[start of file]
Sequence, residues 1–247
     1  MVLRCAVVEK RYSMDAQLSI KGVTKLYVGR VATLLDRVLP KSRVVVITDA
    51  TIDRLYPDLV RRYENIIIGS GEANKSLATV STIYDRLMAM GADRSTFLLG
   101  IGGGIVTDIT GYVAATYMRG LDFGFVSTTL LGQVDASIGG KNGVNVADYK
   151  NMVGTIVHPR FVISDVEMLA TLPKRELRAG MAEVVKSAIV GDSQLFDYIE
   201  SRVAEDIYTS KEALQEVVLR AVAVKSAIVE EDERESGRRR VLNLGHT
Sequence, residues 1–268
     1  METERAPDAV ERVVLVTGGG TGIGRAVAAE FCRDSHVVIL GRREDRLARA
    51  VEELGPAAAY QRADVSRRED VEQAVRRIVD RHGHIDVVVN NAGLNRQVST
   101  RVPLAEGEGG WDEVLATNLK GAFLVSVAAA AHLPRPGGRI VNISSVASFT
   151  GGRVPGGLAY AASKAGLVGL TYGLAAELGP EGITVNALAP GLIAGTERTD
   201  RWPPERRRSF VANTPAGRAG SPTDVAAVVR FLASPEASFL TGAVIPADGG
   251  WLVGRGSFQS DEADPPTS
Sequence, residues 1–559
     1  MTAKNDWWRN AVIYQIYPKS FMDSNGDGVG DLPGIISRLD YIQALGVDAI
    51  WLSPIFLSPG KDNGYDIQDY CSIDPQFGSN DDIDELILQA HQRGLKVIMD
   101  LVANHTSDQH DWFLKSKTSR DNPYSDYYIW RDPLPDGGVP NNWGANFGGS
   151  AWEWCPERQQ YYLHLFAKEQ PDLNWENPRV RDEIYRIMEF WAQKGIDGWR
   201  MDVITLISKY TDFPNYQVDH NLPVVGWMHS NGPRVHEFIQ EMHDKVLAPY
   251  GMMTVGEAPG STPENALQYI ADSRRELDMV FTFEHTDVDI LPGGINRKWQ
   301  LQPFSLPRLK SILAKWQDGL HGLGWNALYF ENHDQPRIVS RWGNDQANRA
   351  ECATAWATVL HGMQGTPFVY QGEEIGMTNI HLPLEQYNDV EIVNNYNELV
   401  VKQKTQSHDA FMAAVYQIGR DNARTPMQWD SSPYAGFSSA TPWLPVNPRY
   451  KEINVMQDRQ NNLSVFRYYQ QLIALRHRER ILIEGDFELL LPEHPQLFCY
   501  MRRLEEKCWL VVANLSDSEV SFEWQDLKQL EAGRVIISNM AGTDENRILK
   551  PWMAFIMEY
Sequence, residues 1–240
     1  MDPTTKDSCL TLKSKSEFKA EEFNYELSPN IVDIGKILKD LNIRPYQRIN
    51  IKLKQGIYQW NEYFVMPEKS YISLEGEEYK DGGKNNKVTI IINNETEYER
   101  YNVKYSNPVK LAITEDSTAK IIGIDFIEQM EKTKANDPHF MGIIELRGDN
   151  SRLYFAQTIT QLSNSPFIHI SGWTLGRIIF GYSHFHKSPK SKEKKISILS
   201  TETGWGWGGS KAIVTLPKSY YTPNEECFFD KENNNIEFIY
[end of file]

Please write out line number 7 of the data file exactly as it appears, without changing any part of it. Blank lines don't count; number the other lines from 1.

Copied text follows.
Sequence, residues 1–268